What is objectivism, and what is George Oppen’s particular slant on it?
Does Oppen’s long “preparation,” comprising the years when many poets are at their peak, make sense?
What is Oppen’s conception of the relationship between emotion and poetry?
Building as a metaphor is fairly common in poetry. What makes the skyscraper a particularly useful one in Oppen’s “The Building of the Skyscraper”?
What is most original in Oppen’s poetry?
In addition to his poetry, George Oppen (AHP-uhn) published several reviews and essays. Of these, two are central to an understanding of his work: “The Mind’s Own Place,” published in Kulchur, in 1963, and “A Letter,” published in Agenda, in 1973. Oppen’s many published interviews and his extensive correspondence with both American and British writers provide an in-depth look into Oppen’s poetics and his sense of poetry’s place in the contemporary world; The Selected Letters of George Oppen was published in 1990.
In a long and distinguished career, George Oppen never wavered from that which Ezra Pound in 1934 noted of his work: its commitment to sustained seriousness, craftsmanship, and individual sensibility. Out of this commitment, Oppen created one of the most moving and complex bodies of poetry of the twentieth century.
Oppen was one of the original Objectivist poets; his work can be associated with that of William Carlos Williams, Pound, and the Imagists. However, more than any other poet associated with that group, he was to develop a radical poetics of contingency, a poetics as wary of formalist assumptions about art as it is about naïve realism in poetry. His unique combining of imagery and rhetoric, the breadth of his subject matter, and its nearly populist strain have made his work extremely important to younger poets.
With the receipt of the Pulitzer Prize in poetry in 1969 and an award for his distinguished contribution to poetry from the National Endowment for the Arts and with increasing critical attention (much of it contained in George Oppen: Man and Poet, published in 1981), Oppen’s place in twentieth century poetry is beginning to be recognized as one of major significance.
Duplessis, Rachel Blau, ed. The Selected Letters of George Oppen. Durham, N.C.: Duke University Press, 1990. Oppen’s correspondence provides a human face to a man whose poetry is known for its austerity and deep moral commitment. Includes bibliography and index.
Freeman, John, ed. Not Comforts/But Visions: Essays on the Poetry of George Oppen. Budleigh Salterton, Devon: Interim Press, 1984. This volume, intended to introduce Oppen to British readers, contains contributions by poets and critics. The essays survey Oppen’s work rather than analyze the poems.
Hatlen, Burton. “Feminine Technologies: George Oppen Talks at Denise Levertov.” The American Poetry Review 22, no. 3 (May, 1993): 9. Oppen wrote more than fifteen poems that in one way or another touch on women’s distinctive experience and consciousness. Oppen’s fascination and correspondence with poet Denise Levertov are examined.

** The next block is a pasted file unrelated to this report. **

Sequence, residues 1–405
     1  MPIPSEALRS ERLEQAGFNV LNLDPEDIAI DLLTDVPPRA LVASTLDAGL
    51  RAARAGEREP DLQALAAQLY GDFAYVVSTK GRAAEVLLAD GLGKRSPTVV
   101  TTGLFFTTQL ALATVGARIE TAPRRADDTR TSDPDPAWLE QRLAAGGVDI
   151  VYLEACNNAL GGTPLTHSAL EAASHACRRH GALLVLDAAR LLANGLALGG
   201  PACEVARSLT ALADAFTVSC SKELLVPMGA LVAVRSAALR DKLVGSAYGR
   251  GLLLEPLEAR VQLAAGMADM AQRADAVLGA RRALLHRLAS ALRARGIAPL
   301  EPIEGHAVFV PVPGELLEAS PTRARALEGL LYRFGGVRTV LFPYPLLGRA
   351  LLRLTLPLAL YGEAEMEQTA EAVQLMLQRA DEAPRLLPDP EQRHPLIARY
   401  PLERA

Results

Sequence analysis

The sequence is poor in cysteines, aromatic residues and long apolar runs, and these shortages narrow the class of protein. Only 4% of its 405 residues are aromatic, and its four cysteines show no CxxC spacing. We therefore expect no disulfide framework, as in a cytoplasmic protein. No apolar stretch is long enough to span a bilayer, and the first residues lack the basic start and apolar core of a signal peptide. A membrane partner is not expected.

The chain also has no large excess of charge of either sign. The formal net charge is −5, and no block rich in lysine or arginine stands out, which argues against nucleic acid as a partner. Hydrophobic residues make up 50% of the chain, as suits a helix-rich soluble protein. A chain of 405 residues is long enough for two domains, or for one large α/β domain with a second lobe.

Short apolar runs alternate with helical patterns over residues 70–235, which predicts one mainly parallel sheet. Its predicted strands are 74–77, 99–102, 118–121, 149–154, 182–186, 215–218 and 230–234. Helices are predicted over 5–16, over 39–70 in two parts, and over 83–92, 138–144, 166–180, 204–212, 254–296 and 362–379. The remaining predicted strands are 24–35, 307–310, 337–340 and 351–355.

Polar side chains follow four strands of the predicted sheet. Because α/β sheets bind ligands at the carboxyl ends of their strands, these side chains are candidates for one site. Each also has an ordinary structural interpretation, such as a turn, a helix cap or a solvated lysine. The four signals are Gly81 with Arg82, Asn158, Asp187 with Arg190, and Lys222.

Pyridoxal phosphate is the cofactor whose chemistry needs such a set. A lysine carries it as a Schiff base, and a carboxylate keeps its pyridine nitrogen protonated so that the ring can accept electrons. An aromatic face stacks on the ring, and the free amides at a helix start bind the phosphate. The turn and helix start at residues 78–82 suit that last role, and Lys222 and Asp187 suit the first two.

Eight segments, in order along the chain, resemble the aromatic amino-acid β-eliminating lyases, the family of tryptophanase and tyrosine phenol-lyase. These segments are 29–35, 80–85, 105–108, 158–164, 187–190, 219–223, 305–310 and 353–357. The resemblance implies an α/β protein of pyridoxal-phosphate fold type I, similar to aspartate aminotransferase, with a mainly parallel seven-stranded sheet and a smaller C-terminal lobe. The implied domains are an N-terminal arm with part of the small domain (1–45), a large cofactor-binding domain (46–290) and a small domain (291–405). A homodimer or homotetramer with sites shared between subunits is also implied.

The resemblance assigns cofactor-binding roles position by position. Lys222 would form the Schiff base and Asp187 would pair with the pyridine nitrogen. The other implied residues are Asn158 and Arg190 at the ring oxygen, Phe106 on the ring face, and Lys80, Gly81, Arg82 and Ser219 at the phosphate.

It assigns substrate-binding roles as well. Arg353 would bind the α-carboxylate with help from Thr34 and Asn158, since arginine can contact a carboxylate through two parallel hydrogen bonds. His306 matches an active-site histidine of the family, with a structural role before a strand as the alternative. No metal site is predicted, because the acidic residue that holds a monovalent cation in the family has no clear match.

Hatlen, Burton, ed. George Oppen, Man and Poet. Orono, Maine: National Poetry Foundation, 1981. This homage dedicated to Oppen and his wife is an anthology of twenty-eight articles and two separate bibliographies, all but six published for the first time. The essays are well organized, and good bibliographies appear in notes. Two essays give political and philosophical contexts to the poetry. Contains an index and two personal memoirs by Mary Oppen.
Ironwood 5 (1975). This special issue devoted to Oppen contains, among other things, an “Introductory Note on Poetry” by Charles Tomlinson; seven poems by the poet; an interview, photographs, and memoirs by Charles Reznikoff and Mary Oppen; and a critical essay by Rachel Blau DuPlessis. Includes a bibliography.
Ironwood 13 (Fall, 1985). This second special issue on the poet contains a number of excellent essays, memoirs, and appreciations. This volume contains more critical work than the first volume, and a different selection of critics, poets, and scholars is presented.
Nicholls, Peter. “Of Being Ethical: Reflections on George Oppen.” Journal of American Studies 31 (August, 1997): 153-170. Nicholls discusses why Oppen’s work continues to occupy a marginal place in most literary histories, even though his work encapsulates some of the major shifts in American writing between high modernism and contemporary Language poetry.
Nicholls, Peter. George Oppen and the Fate of Modernism. Oxford: Oxford University, 2007. Nicholls takes a look at the twenty-five year period in which Oppen did not write, and studies the ways in which his poetry changed and progressed. This volume is extremely helpful for anyone looking to gain insight into Oppen’s writing and his place in literature.
Paideuma 10 (Spring, 1981). This journal, normally dedicated to Ezra Pound studies, is a memorial to George Oppen. It contains a collection of more than thirty appreciations, poems, explications, biographical sketches, and memorials, and it begins with Pound’s preface to Oppen’s Discrete Series. This, like the 1975 Ironwood special issue, is really a commemorative collection of material on the poet’s life and work.
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